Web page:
Bashe (Chinese: 巴蛇; pinyin: bāshé; Wade–Giles: pa-she) was a python-like Chinese mythological giant snake that ate elephants.
The term bashe compounds ba 巴 “a proper name; tip, tail; crust; greatly desire; cling to; be near” and she 蛇 “snake; serpent”.
The Chinese character 巴 for ba was graphically simplified from ancient Oracle bone script and Seal script pictograms of a long-tailed snake. In early Written Chinese usage, ba 巴 frequently referred to the Zhou Dynasty (1122 BCE – 256 BCE) state of Ba, which was located in present-day eastern Sichuan. In Modern Standard Chinese usage, ba 巴 often transcribes foreign loanwords such as ba 巴 “bar (unit)”, Bali 巴黎 “Paris”, or Guba 古巴 “Cuba”. Ba 巴 is a variant Chinese character for ba 把 “grasp; handle”, ba 笆 “bamboo; fence”, or ba 芭 in bajiao 芭蕉 “banana” (using ba 巴 as the phonetic element with graphic radicals for 扌 “hand”, 竹 “bamboo”, and 艹 “plant”).
Bashe not only names this mythical giant reptile or Chinese dragon but is also a variant Chinese name for the South Asian ran 蚺 or mang 蟒 “python” (and South American “boa constrictor” or African “mamba”). “Mythical draconyms often derive from names of larger reptilians”, says Carr (1990:167) and, “Since pythons usually crush their prey and swallow them whole, one can imagine Chinese tales about southern ran 蚺 ‘pythons’ being exaggerated into legendarily-constipated bashe ‘giant snakes’ that ate an elephant every three years.” In literary usage, bashe is found in the four-character idiom bashetunxiang 巴蛇吞象 (lit. “ba-snake gulping down an elephant”) meaning “inordinately greedy; extremely insatiable”.
Early textual occurrences
The earliest references to the legendary bashe 巴蛇 are in the Chuci and Shanhaijing, two Chinese classic texts containing Warring States period (475 BCE – 221 BCE) materials compiled during the Han Dynasty (206 BCE – 220 CE).
The Chuci is an anthology of Chinese poems (see Qu Yuan) from the southern state of Chu, and it mentions bashe in the Tianwen 天問 “Heavenly Questions” section. The preeminent Chuci translator David Hawkes (1985:126) describes the Tianwen as a “somewhat odd combination of archaic riddles with questions of a speculative or philosophical nature” and believes “it started as an ancient, priestly riddle-text (a sort of catechism to be used for mnemonic purposes) which was rewritten and greatly enlarged by a secular poet”. This mythological questionnaire asks.
Where are the hornless dragons which carry bears on their backs for sport? Where is the great serpent with nine heads and where is the Shu Hu? Where is it that people do not age? Where do giants live? Where is the nine-branched weed? Where is the flower of the Great Hemp? How does the snake that can swallow an elephant digest its bones?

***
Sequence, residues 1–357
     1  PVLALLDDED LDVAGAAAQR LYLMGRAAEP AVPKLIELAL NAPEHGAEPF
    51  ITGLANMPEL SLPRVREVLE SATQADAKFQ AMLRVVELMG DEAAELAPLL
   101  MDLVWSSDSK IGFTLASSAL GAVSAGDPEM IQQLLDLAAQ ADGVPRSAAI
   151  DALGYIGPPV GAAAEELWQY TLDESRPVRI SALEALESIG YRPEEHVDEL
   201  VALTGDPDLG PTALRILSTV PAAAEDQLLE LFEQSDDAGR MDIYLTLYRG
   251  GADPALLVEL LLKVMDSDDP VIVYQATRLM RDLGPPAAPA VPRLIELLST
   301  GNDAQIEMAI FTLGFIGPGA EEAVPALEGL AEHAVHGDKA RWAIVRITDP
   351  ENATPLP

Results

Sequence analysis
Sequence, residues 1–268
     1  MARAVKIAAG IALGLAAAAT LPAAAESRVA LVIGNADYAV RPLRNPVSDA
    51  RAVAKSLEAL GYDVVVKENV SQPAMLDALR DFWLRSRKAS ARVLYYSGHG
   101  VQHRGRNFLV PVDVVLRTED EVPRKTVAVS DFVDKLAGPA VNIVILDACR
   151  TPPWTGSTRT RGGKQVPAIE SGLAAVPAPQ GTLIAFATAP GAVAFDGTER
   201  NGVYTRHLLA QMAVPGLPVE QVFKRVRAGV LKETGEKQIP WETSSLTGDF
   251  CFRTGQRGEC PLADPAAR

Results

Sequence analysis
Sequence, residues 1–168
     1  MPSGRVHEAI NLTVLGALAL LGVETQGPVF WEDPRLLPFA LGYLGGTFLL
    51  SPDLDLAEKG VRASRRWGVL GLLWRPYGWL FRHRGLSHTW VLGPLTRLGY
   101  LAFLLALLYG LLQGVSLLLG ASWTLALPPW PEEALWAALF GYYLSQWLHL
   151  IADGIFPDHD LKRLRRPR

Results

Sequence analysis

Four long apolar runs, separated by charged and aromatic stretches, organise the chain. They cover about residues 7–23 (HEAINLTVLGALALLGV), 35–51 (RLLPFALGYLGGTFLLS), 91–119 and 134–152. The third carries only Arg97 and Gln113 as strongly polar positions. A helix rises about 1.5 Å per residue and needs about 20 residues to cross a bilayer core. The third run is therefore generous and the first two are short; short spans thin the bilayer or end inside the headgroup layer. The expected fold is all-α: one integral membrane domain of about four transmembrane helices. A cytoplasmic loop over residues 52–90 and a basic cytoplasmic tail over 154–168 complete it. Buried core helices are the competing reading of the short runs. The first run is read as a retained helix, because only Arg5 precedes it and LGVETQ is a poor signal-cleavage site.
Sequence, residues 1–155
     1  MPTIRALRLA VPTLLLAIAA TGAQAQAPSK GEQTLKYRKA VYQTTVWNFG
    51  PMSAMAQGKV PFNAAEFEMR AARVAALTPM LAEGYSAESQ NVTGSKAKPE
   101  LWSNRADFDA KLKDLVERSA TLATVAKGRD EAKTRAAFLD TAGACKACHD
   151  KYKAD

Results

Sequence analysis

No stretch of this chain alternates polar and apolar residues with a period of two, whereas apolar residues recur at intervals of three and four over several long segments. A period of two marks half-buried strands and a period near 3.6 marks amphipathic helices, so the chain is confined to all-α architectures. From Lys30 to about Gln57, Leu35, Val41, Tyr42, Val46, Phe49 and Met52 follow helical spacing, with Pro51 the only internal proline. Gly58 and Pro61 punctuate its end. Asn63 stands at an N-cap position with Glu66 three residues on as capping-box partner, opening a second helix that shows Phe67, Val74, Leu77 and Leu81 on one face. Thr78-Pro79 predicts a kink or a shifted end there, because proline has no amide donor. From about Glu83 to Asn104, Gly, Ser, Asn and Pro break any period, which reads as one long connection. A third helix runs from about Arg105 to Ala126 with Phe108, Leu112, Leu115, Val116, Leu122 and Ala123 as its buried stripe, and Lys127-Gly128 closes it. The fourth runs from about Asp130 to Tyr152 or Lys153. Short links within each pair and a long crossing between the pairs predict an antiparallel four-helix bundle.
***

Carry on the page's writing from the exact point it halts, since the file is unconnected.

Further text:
The Shanhaijing is an ancient Chinese mytho-geography. Chapter 10, the “Haineinan jing” 海內南經 “Classic of Regions within the Seas: South” describes a legendary land where bashe lived.
The Big Snake eats elephants and after three years it disgorges their bones. Gentlemen take a dose of this snake so that they will never have heart disease or illnesses of the belly. The snakes of Bigsnake country are green, or yellow, or scarlet, or black. One author says the black snakes have a green head. The land of Bigsnake lies west of Rhinoceros country.
The Shanhaijing commentary by Guo Pu (276–324 CE) compares the ba snake with the southern ran 蚺 “python”, which after eating a large animal can wind around a tree trunk and expel the bones from between its scales, and notes they could grow up to a length of 100 xun 尋 (about 270 meters). Guo’s commentary likewise notes this exaggerated length for the changshe 長蛇 “long snake” that the Shanhaijing locates on Daxian 大咸 Mountain “Mount Bigwhole” (3, tr. Birrell 2000:40, cf. Schiffeler 1978:109); “There is a snake here named the long-snake; its hair is like pig bristles. It makes a noise like a nightwatchman banging his rattle.”
The 1578 CE Bencao Gangmu entry for ranshe 蚺蛇 “python” mentions the bashe.
The Shan-Hai-Ching says that pythons can eat elephants, the bones of which they emit every three years. Gentlemen who take these bones as medicine never suffer from heart or visceral ailments. They are referred to as Pa She, that is the great snake.
Compare how the Shanhaijing description of the ba-snake’s sympathetic magic is interpreted as eating the snake (Birrell “take a dose of this snake” and Schiffeler “swallow its flesh”) or eating the undigested elephant bones (Read “take these bones as medicine”). This materia medica lists uses for python bile, flesh, fat, teeth, and oil. The Bencao Gangmu says pythons can reach lengths of 50–60 chi 尺 (about 16–20 meters); but Python molurus grow up to 5.8 meters and Python reticulatus 9.2 meters.
The Chinese folklore scholar Wolfram Eberhard links bashe with the legendary archer Houyi 后翌 who descended from heaven to destroy evildoers. One of Houyi’s victims was a monstrous serpent in Lake Dongting, the xiushe 修蛇 “adorned/long snake” (or changshe 長蛇, cf. above). Eberhard (1968:84) concludes giant snakes such as the xiushe, bashe, and ranshe “were typical for the South”, but were not part of a snake cult like those among the ancient Baiyue.